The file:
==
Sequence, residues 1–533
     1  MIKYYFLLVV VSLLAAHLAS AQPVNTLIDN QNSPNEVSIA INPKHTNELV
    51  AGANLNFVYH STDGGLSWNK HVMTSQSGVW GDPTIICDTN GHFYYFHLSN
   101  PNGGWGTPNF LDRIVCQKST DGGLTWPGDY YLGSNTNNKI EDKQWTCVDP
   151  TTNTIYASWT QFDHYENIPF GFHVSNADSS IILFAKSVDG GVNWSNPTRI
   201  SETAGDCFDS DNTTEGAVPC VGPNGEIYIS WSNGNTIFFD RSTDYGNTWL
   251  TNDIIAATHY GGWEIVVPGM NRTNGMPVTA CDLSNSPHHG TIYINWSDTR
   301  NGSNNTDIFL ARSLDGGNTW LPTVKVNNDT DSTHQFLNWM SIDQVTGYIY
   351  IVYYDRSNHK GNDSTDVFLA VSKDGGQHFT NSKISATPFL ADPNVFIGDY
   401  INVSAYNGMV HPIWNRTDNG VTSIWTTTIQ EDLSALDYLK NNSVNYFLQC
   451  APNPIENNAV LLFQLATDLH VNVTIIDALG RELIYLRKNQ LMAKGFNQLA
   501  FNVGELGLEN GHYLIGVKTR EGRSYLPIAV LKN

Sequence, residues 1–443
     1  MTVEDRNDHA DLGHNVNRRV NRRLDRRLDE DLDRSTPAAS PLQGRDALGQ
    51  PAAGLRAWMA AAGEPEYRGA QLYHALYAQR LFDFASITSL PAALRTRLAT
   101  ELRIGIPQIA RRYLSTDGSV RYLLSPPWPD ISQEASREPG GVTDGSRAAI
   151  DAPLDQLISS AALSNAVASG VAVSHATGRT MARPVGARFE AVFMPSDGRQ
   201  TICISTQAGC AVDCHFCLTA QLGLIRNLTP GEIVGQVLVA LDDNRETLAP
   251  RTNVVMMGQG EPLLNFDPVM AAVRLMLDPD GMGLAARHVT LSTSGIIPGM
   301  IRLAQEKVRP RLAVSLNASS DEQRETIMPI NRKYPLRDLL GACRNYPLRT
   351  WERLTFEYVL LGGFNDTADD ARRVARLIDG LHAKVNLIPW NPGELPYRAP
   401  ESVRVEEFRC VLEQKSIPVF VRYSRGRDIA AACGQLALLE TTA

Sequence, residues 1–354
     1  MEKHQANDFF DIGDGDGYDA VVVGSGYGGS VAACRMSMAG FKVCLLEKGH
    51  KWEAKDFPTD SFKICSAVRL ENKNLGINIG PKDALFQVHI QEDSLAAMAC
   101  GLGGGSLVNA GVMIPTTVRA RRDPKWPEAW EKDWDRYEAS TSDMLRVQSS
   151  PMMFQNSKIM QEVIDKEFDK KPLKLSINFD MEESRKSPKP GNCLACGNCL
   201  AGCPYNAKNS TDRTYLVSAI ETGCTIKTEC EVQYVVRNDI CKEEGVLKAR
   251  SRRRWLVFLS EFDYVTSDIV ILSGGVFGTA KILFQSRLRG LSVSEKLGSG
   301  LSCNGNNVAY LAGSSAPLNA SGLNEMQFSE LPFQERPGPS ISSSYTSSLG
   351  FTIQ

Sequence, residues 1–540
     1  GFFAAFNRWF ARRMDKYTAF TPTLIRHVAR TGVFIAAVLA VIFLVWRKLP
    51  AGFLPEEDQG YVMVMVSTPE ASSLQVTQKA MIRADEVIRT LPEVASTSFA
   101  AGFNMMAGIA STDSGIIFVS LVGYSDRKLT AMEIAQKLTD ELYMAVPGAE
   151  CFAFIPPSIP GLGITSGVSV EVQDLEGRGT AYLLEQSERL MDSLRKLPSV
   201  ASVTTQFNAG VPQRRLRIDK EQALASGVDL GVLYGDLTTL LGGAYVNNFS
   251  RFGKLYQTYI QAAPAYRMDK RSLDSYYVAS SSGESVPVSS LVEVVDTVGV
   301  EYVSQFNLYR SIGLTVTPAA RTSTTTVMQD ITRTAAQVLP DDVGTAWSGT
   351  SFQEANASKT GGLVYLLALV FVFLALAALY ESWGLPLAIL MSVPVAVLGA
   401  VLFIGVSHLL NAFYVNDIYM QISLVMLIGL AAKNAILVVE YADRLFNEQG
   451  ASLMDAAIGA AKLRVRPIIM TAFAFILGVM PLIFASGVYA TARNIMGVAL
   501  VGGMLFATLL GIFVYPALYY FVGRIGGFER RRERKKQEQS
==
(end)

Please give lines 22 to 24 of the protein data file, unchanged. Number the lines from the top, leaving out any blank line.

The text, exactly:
   401  ESVRVEEFRC VLEQKSIPVF VRYSRGRDIA AACGQLALLE TTA

Sequence, residues 1–354
     1  MEKHQANDFF DIGDGDGYDA VVVGSGYGGS VAACRMSMAG FKVCLLEKGH